Sure People Know What You Do?

More than once, I’ve been surprised to learn that people who have known me for a long time don’t actually know what I do. My first thought is seriously? What the heck? How many times have we talked about it?question

Ever happened to you?

I’m betting that every business owner – at least once – has faced this dilemma.

It’s been awhile, so I don’t remember anymore where I first heard this piece of communication wisdom, but I do remember that it goes something like this…”If the “receiver” of your communication doesn’t get it, the responsibility for the mishap falls on your shoulders.” Ouch.

Colleague and branding expert, David Cohen at Equation Arts would probably not be surprised to hear that people are often confused by our messages. It is a common malady. That’s why he is such a great resource and worth every mega dollar he charges! Make sure you tell him I said so!

Since April 2009, I have had the privilege of being part of a peer advisory group that is facilitated by Bill McIlwaine of Executive Forums. These quarterly meetings are long, intense, insightful and thought provoking. The meeting two weeks ago helped me to realize that I am viewed as a credible evangelist, even the first person that my colleagues think of when the topic turns to social media, but beyond that these executives were not completely clear on the WHAT of my service offering. Did I say ouch?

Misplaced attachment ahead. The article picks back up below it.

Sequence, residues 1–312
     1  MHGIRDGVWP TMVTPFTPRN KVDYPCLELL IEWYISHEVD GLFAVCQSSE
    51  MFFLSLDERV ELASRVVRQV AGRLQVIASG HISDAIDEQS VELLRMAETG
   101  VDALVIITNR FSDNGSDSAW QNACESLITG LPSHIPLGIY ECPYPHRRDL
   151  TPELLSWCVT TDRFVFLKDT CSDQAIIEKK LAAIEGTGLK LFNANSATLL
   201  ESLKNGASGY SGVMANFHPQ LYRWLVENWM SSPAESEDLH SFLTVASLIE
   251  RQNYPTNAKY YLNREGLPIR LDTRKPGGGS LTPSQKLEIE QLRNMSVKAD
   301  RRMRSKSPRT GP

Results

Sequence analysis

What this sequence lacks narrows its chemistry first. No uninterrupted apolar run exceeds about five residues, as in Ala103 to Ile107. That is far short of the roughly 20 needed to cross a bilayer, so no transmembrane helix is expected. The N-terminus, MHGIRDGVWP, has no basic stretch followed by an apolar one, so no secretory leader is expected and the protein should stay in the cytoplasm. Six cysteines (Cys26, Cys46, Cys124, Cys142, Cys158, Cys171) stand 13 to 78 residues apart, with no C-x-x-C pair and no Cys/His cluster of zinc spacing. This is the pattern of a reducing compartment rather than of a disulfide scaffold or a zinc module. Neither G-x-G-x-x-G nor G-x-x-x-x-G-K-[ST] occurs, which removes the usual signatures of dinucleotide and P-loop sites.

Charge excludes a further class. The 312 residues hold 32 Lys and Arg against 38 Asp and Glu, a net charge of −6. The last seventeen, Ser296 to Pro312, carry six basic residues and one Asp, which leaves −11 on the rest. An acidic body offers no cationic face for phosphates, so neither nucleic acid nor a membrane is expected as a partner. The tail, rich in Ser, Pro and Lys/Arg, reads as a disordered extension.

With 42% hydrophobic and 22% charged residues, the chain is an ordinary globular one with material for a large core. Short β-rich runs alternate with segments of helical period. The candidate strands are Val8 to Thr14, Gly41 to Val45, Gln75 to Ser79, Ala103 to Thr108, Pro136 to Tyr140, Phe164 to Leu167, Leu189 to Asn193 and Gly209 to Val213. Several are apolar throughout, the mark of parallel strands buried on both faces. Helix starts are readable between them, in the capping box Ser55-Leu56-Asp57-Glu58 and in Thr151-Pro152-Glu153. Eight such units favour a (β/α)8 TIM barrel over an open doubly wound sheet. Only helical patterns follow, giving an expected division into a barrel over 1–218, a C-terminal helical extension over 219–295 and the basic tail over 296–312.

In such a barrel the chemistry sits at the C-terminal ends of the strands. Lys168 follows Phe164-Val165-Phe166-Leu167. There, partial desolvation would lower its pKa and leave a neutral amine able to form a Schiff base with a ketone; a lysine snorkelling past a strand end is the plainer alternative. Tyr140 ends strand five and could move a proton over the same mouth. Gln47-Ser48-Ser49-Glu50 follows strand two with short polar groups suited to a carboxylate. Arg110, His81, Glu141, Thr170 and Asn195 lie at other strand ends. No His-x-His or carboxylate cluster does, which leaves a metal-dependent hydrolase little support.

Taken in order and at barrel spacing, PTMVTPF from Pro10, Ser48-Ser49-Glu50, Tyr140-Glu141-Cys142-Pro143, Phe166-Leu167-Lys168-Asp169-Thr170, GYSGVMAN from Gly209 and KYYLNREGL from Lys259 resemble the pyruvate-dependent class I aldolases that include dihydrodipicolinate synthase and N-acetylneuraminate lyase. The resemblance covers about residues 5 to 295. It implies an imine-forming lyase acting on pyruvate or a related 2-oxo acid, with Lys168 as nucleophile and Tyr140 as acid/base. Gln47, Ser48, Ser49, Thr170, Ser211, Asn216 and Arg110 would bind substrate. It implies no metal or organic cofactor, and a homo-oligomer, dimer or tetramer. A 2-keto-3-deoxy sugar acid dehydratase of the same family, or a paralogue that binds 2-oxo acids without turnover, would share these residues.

That realization led to this post and the subsequent rework of the Talent Builders website. The website refresh is not quite complete, but I hope even at this moment you have a clearer picture of the value you receive when you work with our team. If not, I’m counting on you to let me know.

Comments

  1. says

    Very true! And, yes, it has happened to me. Just last spring, in a small group of women, someone I have known for at least 5 or 6 years said: “I never knew you were a writer”. Ouch, indeed!

    The problem may be that we are so identified as one “thing” in one setting, that the rest of us does not manifest itself. The woman in question, last spring, knew me as the “face” of Atlanta Women in Business. It had not occurred to her that there was a real person behind the façade. Not her fault!

    It’s up to us to introduce ourselves in terms that are relevant to our interlocutors. Who we are and what we do relate directly to the interests of the people with whom we interact.

    The one-size-fits-all resume became obsolete a long time ago; we’ve got to acknowledge that the one-size-fits-all elevator speech also does not work any more; we need a whole inventory of them!

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